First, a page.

01 Sep 2020
This project will explore the ethical, social, and legal issues associated with the care and treatment of children and adolescents in relation to their gender identity.
Increasing numbers of young people and their families in the UK have been seeking advice and support in relation to gender identity issues in recent years. In autumn 2019, we spoke to a wide range of individuals about the challenges involved in providing care and treatment for young people in relation to their gender identity. From those meetings, it is clear that there are many areas of consensus, but there are also a number of unresolved ethical questions that deserve further consideration. We aim to explore these in more detail through this work.
The Nuffield Council on Bioethics is an independent body that informs policy and public debate about the ethical questions raised by biological and medical research. We do this by bringing together individuals from different disciplines to consider and deliberate on ethical issues raised by advances in biological and health research. Our aim is to ensure that scientific and medical developments are realised in ways that are ethical and consistent with public interests and values.
We have an international reputation for providing independent and balanced advice to policy-makers and stimulating debate in bioethics. Our work is always backed up by a thorough process of consultation, engagement, and deliberation with a wide range of people and organisations.
You can find out more about how we work; the values that guide us; and previous topics we have explored here.
The aim of this project is to explore the ethical issues which arise in the care and treatment of children and adolescents in relation to their gender identity. This is an area in which there are deeply held scientific and moral disagreements about how we as a society should care for, treat, and support gender diverse children and adolescents.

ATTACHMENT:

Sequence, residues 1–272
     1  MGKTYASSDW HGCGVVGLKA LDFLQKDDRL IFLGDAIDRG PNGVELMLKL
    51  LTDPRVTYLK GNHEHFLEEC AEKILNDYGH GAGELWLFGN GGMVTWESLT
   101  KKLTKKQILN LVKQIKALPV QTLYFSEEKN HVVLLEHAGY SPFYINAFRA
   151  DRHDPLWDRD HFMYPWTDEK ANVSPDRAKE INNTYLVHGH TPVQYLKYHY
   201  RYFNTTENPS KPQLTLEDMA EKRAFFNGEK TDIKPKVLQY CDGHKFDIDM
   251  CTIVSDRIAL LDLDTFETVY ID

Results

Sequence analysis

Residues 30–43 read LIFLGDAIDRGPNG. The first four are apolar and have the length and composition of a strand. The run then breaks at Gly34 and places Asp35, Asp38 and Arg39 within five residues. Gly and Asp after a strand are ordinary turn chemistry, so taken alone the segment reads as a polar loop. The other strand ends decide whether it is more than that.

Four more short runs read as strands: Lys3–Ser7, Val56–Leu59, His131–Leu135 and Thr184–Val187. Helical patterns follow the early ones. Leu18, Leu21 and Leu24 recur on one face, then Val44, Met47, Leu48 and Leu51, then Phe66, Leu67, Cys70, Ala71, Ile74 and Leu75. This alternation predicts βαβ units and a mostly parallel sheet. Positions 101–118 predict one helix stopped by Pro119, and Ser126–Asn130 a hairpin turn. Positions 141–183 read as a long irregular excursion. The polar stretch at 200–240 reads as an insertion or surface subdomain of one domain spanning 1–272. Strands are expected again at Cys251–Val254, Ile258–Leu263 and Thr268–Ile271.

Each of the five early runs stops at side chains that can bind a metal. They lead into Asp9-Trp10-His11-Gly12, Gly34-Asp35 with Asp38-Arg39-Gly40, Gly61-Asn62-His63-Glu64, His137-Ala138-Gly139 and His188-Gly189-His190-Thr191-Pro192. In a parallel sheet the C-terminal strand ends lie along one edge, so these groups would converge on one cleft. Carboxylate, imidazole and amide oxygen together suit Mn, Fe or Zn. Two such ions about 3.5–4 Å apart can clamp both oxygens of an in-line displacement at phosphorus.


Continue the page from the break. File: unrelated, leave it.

Through this work we aim to explore some of the issues which underline those disagreements, including:
We recognise that these ethical questions do not arise in a vacuum, and so it is also important to us to understand the social and political context within which these questions are situated.
Our aim is to create an independent space in which to hear a range of views and perspectives, and to provide a detailed and robust ethical analysis of the issues. Our work will contribute information and insight on these issues to inform and support practitioners and policy-makers, contribute to the broader public debate, and, ultimately, improve the well-being of gender diverse and gender incongruent children and adolescents by ensuring they receive ethical, appropriate, and high-quality care.
Gathering evidence is a major part of all our projects. We thoroughly research each topic and consider a wide range of views.
The focus of this work is on wide and comprehensive engagement and consultation with individuals and groups in order to ensure we hear a range of perspectives and experiences. We will be doing this in a number of ways.
As a first step, we have launched an open call for evidence (also available to download from the left-hand side of the page), which is open to anybody with an interest in this topic who wishes to respond. The responses to the call for evidence will allow us to see the spread of views on this issue and start to identify emerging themes.
This will be followed by more focused and targeted engagement with relevant groups and individuals - through meetings, interviews, and other events and activities.
These activities will take place over the space of many months. Our aim is to conclude the project and produce a final report in early 2022.
Particularly important to us is hearing from children and young people themselves, as well as their families and others close to them who support them.
If you are interested in being involved in the project in this way, or would like to find out more, please email firstname.lastname@example.org.
You can find out more about how we approach our work here.
Ruth joined the Council as Programme Manager in May 2020. Prior to this, she was a Senior Policy Advisor in Medical Ethics and Human Rights at the British Medical Association. She has a BA in Jurisprudence from the University of Oxford and an MA in Medical Ethics and Law from King’s College London.
Ranveig undertakes research to support the Council’s work and monitors developments in areas of interest to the Council. Prior to this she was the Communications Officer at the Council, and before that managed communications at the International Action Network on Small Arms (IANSA) and completed a BA in Development Studies and International Relations at London Metropolitan University.